The Rev. Robert Two Bulls, a contemporary Episcopal priest, is attempting to have the slain Episcopalians named as official martyrs with their own date on our calendar.  My opinion in this matter is, for now, my own, although I'm rankled when some of the more conservative laity and clergy of the church are dismissive of this initiative as they think it mere political correctness or an example of tedious Episcopal trendiness.

The history of American Indian Episcopalians is largely unknown and rarely taught in any of the Church's seminaries.  While a small body of scholars is attempting to address that curricular shortcoming, as we commonly open our regard to many, many of the marginalized groups within our communion, perhaps some consideration could be granted to a collection of people of color who have remained faithful, sometimes in the midst of great hardship and persecution.

As they walked to the gallows on their final day, the contemporary newspaper accounts reported that the condemned sang their tribal "death song".  In reality, the Martyrs of Mankato were singing "Onward, Christian Soldiers" in the Dakota language of their tribe.

Lenten Wave #18


"I wasn't looking for satisfation from sponsorships, waves, or recognition in surfing anymore. My satisfaction comes from knowing God." - Jen Belshaw, Pro Woman surfer

Friday, March 6, 2015

My New Hero

The Man Who Snuck Into the Ivy League Without Paying a Thing

And I thought my way of doing it [a Lilly grant] was the way to go.

A Perpetually True Statement for Our Friday Rush Hour Music

The Voices on the Radio: Freed, Franklin, and Dee


I love radio - its immediacy and especially its intimacy... 
it is part of your life, whispering into your ear. - Malcolm Turnbull
_________________________________________________________________________

Mine is the TV generation, or so I'm told.  The truth is more complicated, as is often the case with truth.

Perhaps it was because I achieved my teenage years around the same time that FM was developed, or because cable TV sports had not reached its current ubiquity and, thus, a more traditional medium for listening to baseball and basketball was still required, but I recall most of my best memories of growing up involved listening to the radio.  Whether it was the stately tube radio on which my grandfather and I listened to Cleveland Indians games, or the clock radio on my nightstand in our house on East 213th St. from which I cheered the Cleveland Cavaliers onto rare victories during their expansion year, or the rather nice Pioneer receiver in my college dorm, purchased with money made from a summer job, on which I heard the alternative rock music of my generation from stations like the late, lamented WNCR and the now-lamentable WMMS, it was voices on the radio rather than images on a TV screen that brought me a world that was vivid and immediate.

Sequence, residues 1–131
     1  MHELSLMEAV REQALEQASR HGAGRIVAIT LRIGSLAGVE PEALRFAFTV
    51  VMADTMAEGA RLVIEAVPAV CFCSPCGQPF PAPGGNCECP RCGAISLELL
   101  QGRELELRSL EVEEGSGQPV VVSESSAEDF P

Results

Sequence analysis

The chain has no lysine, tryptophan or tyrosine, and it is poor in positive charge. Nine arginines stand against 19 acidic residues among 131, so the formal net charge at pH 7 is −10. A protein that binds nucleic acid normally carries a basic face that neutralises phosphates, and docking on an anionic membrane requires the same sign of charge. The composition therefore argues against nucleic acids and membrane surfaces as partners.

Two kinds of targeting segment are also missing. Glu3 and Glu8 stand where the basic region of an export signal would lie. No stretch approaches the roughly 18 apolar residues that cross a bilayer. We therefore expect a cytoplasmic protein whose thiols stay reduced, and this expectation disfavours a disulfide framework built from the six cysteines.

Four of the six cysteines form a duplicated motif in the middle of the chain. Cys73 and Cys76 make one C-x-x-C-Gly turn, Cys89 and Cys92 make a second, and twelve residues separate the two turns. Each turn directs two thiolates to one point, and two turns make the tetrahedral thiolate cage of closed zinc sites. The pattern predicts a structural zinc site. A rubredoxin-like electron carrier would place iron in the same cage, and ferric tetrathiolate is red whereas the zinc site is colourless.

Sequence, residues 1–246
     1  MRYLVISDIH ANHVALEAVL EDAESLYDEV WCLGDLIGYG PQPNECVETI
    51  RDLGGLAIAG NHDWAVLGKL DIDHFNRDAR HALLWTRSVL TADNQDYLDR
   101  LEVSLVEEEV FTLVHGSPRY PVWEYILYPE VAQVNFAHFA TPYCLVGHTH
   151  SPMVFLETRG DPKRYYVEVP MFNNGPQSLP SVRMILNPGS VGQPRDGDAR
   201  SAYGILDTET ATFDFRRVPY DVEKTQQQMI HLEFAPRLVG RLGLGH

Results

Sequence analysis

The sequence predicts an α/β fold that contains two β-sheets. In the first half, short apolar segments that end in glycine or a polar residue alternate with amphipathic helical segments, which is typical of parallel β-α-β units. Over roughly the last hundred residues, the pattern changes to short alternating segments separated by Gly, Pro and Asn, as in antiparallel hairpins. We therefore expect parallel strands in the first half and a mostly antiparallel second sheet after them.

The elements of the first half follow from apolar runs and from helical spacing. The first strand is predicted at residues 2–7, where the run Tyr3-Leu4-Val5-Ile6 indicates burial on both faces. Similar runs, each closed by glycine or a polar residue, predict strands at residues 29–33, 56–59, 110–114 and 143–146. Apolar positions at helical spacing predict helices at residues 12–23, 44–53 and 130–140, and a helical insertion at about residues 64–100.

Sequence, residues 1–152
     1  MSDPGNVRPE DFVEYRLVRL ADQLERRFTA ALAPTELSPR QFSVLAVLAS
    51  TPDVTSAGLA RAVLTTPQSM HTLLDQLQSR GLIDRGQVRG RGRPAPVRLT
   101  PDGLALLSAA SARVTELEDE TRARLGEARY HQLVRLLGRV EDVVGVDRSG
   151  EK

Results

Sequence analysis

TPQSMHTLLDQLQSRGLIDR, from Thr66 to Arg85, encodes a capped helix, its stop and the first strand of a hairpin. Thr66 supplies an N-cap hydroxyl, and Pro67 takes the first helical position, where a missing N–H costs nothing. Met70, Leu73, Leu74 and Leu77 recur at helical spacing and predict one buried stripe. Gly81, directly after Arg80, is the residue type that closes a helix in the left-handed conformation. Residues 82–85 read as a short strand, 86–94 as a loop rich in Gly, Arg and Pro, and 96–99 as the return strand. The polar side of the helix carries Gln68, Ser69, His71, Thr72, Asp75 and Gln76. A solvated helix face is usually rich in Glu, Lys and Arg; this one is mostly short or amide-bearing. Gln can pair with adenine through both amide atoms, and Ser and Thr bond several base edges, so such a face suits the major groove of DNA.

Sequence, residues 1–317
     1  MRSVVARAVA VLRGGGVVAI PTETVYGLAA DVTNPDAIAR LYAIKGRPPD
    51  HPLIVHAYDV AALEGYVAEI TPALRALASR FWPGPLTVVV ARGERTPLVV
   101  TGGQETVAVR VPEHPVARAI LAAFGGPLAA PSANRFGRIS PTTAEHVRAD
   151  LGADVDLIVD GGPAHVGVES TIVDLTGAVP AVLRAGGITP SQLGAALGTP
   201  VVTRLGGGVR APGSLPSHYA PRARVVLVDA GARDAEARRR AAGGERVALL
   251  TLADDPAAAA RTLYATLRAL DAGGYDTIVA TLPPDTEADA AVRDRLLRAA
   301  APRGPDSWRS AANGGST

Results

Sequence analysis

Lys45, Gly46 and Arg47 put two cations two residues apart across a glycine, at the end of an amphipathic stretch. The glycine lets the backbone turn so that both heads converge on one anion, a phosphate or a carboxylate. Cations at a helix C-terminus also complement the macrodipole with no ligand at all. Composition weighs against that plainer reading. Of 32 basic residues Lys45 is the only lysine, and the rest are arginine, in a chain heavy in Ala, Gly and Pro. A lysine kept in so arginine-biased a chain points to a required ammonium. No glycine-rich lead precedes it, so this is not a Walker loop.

There was a great tradition of radio in Cleveland, especially in regards to the music that would first be labeled "rock and roll" by a metro disk jockey named Alan Freed.  In the early 1950's, Freed realized, despite what the commercial interests who underwrote the expenses of his radio station thought, that a new sound was being heard in the small clubs and road houses.  As his friend was Leo Mintz, the owner of Record Rendezvous, the most popular record store in northeastern Ohio [and even where, from 1968 until 1982, I bought every album of popular music I owned], Freed knew that young people, flush with 1950's affluence, were buying rhythm and blues songs marked by a torrid beat and incomprehensible lyrics.  As these songs were mostly performed by black artists, they were relegated to the "ethnic" stations on the low end of the dial and given their own separate listing on the Billboard charts.  Freed felt it was time they were mainstreamed.



This was met with the usual resistance, of course, as smart choices are usually the ones that require some courage, and courage is a rare word in corporations.  However, using the leverage that was enabled by Record Rendezous' support of Freed's radio show, and the guarantee of about 250,000 rabid potential listeners, he branded himself the "King of the Moondoggers" and played, late night after late night, this new form of music on "The Moondog Show".